VISION3 50D Color Negative Film 5203/7203

French Romantic Comedy Un Bonheur N'arrive Jamais Seul is fundamentally natural

Un bonheur n'arrive jamais seul
Sophie Marceau and Gad Elmaleh in a scene from Un bonheur n’arrive jamais seul. Photo: Christine Tamallet

United for the third time on a movie set, director James Huth and director of photography Stéphane Le Parc continue their exploration of genre films with a romantic comedy entitled Un bonheur n’arrive jamais seul starring Sophie Marceau and Gad Elmaleh.

Compare and contrast; on the one hand, you have Sacha, a jazz pianist and confirmed bachelor who only goes out with girls under 21; on the other, Charlotte who works for a modern art foundation and has two ex-husbands, three children and a Philippine nanny. Sacha lives in an attic in Montmartre, Paris; Charlotte lives in a 300 square meter apartment in Paris most expensive neighborhood.

Director James Huth explains, “I’m telling the story of two people who apparently have nothing in common and  are complete opposite...except that they are made for each other! With a couple like this, Sophie and Gad, two of the most popular actors in France, everyone expects a glamorous film in scope – I prefered the 1.66 format. What interests me in this story is the humanity of my characters. Actors take more space in the frame in 1,66. You feel closer to them. I love actors and I’m primarily a spectator. Un bonheur n’arrive jamais seul is a love story, intended to fill you with good feelings.”

The day setting is a huge twenty feet high hall, a relic of late 19th century Parisian architecture, surmounted by a monumental canopy created by Gustave Eiffel’s prestigious workshops, who created the tower that bears his name in Paris. Formerly occupied by a large French bank, the site is now home to offices on either side of a large gallery. On this occasion, it is the setting for the multinational led by Charlotte’s ex-husband, who will soon learn, from Sacha himself, that Charlotte and Sacha have decided to live together.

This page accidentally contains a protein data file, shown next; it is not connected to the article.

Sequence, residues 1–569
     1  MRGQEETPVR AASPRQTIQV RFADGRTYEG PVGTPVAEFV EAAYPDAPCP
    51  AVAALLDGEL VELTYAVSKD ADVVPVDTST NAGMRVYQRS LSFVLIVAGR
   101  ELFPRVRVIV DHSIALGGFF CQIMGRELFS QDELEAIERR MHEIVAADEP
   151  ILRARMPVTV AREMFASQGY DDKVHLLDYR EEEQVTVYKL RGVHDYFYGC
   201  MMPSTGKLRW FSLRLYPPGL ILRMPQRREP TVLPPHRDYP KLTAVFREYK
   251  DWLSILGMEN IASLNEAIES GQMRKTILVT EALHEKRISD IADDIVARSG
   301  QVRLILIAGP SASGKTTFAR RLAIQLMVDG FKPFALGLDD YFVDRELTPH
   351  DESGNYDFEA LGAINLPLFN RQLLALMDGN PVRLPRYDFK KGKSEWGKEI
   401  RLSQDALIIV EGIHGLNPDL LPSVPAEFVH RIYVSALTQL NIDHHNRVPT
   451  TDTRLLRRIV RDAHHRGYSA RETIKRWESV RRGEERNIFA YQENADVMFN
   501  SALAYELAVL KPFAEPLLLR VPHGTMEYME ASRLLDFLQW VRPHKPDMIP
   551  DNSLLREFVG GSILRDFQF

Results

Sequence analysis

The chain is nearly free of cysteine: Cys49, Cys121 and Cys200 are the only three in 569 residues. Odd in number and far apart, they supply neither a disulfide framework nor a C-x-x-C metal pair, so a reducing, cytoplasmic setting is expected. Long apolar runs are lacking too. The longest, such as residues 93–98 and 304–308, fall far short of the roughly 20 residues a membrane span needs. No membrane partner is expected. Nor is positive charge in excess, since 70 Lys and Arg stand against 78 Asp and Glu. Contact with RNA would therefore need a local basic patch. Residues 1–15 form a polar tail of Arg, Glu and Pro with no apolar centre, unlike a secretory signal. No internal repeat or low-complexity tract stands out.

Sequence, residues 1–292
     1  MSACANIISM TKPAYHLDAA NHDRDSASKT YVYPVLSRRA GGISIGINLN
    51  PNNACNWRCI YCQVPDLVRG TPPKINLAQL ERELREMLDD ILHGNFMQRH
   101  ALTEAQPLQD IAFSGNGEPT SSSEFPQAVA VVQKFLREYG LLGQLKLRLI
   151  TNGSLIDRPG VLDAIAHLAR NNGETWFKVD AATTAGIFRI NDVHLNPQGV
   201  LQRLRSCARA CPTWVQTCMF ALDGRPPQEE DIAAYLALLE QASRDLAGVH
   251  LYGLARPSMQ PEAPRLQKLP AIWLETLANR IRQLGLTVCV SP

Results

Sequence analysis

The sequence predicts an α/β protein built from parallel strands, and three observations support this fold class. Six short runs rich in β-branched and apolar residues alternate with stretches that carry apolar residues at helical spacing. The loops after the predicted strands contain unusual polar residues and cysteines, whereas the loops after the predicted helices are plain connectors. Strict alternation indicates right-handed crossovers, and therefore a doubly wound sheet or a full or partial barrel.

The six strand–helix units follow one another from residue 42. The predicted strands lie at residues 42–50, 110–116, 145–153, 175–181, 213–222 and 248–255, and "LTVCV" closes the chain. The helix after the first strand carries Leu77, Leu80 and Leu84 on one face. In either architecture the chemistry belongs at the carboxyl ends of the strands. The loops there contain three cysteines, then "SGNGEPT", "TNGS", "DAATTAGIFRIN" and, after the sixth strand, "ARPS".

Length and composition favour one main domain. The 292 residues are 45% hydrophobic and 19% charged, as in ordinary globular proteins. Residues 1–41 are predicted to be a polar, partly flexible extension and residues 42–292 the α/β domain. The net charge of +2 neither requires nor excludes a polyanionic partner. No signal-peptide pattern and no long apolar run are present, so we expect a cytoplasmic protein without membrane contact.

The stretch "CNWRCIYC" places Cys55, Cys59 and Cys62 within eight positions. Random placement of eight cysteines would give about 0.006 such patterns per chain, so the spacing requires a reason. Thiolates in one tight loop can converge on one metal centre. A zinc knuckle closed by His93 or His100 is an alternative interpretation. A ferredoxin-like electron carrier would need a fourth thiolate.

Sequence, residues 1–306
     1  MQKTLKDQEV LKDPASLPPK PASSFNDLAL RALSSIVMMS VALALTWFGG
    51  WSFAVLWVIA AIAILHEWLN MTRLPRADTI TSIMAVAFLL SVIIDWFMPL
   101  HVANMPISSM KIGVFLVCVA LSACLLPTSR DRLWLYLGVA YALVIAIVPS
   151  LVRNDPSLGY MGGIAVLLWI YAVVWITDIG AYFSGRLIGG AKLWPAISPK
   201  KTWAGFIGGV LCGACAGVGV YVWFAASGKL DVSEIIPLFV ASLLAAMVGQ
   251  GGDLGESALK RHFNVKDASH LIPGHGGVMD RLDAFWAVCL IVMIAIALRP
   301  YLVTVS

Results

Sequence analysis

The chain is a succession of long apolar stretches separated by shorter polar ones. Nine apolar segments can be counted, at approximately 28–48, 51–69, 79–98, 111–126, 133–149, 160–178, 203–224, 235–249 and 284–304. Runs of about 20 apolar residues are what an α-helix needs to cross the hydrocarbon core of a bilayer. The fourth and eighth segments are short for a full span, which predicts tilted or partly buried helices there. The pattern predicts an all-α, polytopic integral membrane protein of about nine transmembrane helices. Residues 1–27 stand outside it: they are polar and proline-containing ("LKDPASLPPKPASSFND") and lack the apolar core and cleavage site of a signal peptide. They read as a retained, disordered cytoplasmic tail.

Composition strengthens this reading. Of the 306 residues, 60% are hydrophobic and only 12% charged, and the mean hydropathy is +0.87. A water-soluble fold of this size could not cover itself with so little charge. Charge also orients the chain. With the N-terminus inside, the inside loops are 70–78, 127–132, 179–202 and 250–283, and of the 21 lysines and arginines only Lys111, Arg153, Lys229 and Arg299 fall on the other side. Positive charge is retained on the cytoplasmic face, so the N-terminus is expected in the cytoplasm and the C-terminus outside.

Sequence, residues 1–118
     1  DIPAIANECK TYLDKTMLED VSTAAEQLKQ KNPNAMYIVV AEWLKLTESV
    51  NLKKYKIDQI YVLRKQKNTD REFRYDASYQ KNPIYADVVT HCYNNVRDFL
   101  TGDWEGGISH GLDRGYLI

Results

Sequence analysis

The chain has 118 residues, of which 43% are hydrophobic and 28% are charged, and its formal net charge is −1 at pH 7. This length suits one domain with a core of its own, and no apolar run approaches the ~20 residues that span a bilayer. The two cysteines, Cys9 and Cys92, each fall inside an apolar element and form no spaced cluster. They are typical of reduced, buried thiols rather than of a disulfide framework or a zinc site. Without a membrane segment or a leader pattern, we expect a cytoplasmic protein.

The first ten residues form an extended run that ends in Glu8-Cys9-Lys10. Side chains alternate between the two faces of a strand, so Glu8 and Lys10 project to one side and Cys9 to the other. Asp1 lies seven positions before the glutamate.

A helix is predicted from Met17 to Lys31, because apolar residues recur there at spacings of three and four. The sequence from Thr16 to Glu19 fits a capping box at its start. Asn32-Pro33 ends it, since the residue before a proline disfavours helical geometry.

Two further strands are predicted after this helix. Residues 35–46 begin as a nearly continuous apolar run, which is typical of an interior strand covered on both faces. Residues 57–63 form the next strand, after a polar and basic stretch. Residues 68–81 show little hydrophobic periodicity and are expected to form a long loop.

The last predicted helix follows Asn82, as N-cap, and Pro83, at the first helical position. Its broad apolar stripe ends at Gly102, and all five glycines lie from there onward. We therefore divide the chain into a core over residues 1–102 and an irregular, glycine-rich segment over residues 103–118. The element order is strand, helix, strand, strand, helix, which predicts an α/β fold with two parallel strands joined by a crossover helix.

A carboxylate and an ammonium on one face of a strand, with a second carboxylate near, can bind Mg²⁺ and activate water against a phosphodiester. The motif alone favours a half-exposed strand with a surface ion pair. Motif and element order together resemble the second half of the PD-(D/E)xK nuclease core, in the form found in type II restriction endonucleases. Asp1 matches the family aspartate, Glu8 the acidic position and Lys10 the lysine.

Un bonheur n'arrive jamais seul
L to R Stéphane Le Parc, DP and director James Huth. Photo: James Espié.

At first glance, it seems difficult for a director of photography to capture a place on this scale. “My biggest inspiration for this setting,” says cinematographer Stéphane Le Parc, “was the work of photographer René Burri, including his series of pictures of the roofs in Argentina and a railway station with such beautiful shadows. This is the style of image I had imagined the day we did location spotting when the sun was shining brightly...except that today, obviously, it is raining and with my three 18 kW, it is impossible to find this type of contrast! So I’m adapting and mixing artificial light on the dome with natural light from the gallery to work in some ambiance shifts.”

Since the pace the actors and the extras adopt in each scene is determined – “unbeknownst to them” – by the shooting pace, James Huth continuously stimulates his troops – an energetic, swirling figure dressed in a gray suit in unison with the office decor. “If I film in a suit,” he explains , “it is primarily out of respect for my team. I ask so much of them that the least I can do is to be well dressed. But it is also one of the outfits in which I feel most comfortable (the other is in jeans and sneakers): I have no intermediate zone.”

More seriously, talking about “romantic comedy” implies talking about “writing.” So are there any “specifications” for portraying a great love story?